It has joined with the Uttar Pradesh forest department to plant 1,000,000 Tulsi saplings around the Taj Mahal to minimize the effects of environmental pollution. CEO Krishan Gupta also announced a joint venture with Andhra Pradesh farmers to transition 600,000 acres of mangos to organic.

ORGANIC INDIA products have certifications from SQF, HACCP, GMP, ISO 9001:2008, and USDA, EU, and India’s National Programme for Organic Production organic certifiers.

Medicinal Herbs find global audience

Dr. Narendra Singh, a pioneering researcher of medicinal herbal preparations for four decades, has given exclusive rights to his formulations to ORGANIC INDIA. Dr. Singh specializes in anti-stress properties and therapeutic applications of classical Ayurvedic herbs. Interestingly, the first farmer who agreed to grow organic Tulsi was from Azamgahr, Dr. Singh’s home village.

Tulsi is believed to support longevity, reduce stress and inflammation, enhance immunity, and improve digestions and metabolism.

Organic, non-GMO status: Core of the Mission

“Our organic umbrella protects us from GMOs,” said Michele. “Our products don’t have GMO alternatives yet…but we are nonetheless absolutely against GMOs, valuing the health of people and the land.”

The company has been very active in GMO labeling efforts, including sponsorship of the Sustainable Living Roadshow (SLR) this year. SLR participated in the Right2Know March from New York to Washington, passing out ORGANIC INDIA tea bags along the way. ORGANIC INDIA also participated in the Just Say No to GMOs rally in Denver; national sales manager Heather Henning acted as emcee.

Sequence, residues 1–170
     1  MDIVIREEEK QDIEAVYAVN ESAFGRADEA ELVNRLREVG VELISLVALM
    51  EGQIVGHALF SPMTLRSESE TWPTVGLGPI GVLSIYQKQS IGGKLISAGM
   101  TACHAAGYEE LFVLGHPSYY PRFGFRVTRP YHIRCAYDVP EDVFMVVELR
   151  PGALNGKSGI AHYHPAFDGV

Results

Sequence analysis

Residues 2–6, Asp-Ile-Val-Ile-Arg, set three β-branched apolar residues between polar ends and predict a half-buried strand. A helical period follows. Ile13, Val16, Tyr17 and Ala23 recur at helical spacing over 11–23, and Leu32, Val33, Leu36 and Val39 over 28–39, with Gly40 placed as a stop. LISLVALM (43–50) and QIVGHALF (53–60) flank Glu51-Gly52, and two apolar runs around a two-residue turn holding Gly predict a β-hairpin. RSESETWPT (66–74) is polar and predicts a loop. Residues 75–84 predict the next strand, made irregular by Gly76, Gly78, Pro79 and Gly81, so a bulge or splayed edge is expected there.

“Supporting the non-GMO movement is at the top of our list,” said Michele. “Awareness of the devastating effect GMO crops have had on Indian farmers is behind everything we do.”

The Tulsi teas are sold in over 10,000 outlets including natural food stores, crossover groceries such as Wegmans, and through online marketers. ORGANIC INDIA also operates 10 exclusive retail outlets in India.

The financial goal is to make ORGANIC INDIA a Rs. 200 crore (about $40 million USD) company in three years, Krishan said.

The effect on India of this commercial success? In the village communities growing its organic products in rural India, asthma rates have dropped from 70% to less than 5%, miscarriages are at an all-time low, and livestock mortality is down as pesticide use has disappeared. Premiums have paid for children to go to school. Biodiversity is alive again. Women are receiving the same pay as men and are given free education and training. The ORGANIC INDIA Foundation opened its first free health care clinic in Azamgahr, where two full-time doctors treat patients with both Western and traditional medicines. And most important, farming has become a respected profession once again.

“Farmers have dignity in being farmers again,” Mitra said. “They’re no longer slaves of the chemical industry.”

© Copyright The Organic & Non-GMO Report, March 2012